Android Stagefright Vulnerability Puts 950M Devices at Risk

A full 95 percent of all Android devices -- that's about 950 million smartphones, tablets and other mobile gadgets -- are at risk from one of "the worst Android vulnerabilities discovered to date," according to enterprise mobile security firm Zimperium. The security flaw, enabled by the Android operating system's Stagefright media library, could allow hackers to access devices without users ever realizing that they've been compromised.

Because Stagefright is used for time-sensitive media processing on devices, it's implemented using C++ code rather than a more "memory-safe" language such as Java, Zimperium noted today in a blog post on its Web site. However, that code leaves it more vulnerable to memory corruption and can open up devices to potential hack attacks that can gain remote access through media files delivered by MMS (multimedia messaging service) text messages.

Zimperium said it has reported the vulnerability to Google and also submitted patches for the flaw. While Google "acted promptly and applied the patches to internal code branches within 48 hours," many millions of Android device users might not see security updates for months, if at all.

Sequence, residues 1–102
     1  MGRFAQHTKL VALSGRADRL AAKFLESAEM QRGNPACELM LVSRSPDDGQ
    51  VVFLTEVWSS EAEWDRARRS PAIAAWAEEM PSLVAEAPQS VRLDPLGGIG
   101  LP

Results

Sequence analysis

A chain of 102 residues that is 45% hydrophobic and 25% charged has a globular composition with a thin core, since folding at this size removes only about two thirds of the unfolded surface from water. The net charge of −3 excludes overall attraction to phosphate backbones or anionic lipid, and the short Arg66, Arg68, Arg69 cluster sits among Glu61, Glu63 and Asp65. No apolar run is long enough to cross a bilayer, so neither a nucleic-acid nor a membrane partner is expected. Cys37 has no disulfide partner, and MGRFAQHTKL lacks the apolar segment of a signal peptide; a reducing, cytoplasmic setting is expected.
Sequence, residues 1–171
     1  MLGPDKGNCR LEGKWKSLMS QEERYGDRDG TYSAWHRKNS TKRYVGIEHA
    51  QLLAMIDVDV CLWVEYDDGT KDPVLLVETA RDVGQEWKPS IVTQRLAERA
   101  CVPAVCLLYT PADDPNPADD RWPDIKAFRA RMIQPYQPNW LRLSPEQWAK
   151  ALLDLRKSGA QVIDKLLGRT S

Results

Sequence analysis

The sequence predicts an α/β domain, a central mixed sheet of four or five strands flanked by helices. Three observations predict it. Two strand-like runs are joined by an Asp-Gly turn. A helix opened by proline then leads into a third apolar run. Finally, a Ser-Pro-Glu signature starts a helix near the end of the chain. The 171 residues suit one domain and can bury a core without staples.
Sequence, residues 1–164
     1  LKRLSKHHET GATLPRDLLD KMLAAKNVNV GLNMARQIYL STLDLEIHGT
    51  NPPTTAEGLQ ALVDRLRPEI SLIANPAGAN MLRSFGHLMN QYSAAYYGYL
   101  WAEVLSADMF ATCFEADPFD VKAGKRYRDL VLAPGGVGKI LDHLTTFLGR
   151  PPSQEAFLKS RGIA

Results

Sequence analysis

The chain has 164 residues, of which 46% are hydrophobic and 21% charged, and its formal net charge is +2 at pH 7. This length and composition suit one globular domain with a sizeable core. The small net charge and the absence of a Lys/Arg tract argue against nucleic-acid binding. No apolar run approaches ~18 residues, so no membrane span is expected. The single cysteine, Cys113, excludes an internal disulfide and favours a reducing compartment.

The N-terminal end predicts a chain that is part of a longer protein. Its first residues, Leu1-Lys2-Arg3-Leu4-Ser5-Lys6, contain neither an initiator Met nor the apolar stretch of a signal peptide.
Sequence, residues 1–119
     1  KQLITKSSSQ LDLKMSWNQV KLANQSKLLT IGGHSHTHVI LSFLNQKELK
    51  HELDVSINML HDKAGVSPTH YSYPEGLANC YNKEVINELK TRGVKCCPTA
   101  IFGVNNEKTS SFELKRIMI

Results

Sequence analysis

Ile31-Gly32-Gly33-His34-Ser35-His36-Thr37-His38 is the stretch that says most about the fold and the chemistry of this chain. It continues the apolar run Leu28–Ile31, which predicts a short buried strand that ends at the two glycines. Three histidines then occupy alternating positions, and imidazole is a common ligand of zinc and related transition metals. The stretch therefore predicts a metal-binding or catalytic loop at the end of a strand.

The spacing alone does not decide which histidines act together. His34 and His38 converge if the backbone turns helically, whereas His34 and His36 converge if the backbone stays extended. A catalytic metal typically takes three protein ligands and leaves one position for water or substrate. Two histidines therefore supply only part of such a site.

'Much Worse' than Heartbleed

"We thank [Zimperium zLabs researcher] Joshua Drake for his contributions," a Google spokesperson told us today. "The security of Android users is extremely important to us and so we responded quickly and patches have already been provided to partners that can be applied to any device."

The spokesperson added, "Most Android devices, including all newer devices, have multiple technologies that are designed to make exploitation more difficult. Android devices also include an application sandbox designed to protect user data and other applications on the device."

The Stagefright flaw opens vulnerabilities for devices running Android version 2.2 and up, according to Drake's findings. Most at risk are devices using Android Jelly Bean (versions 4.1 through...

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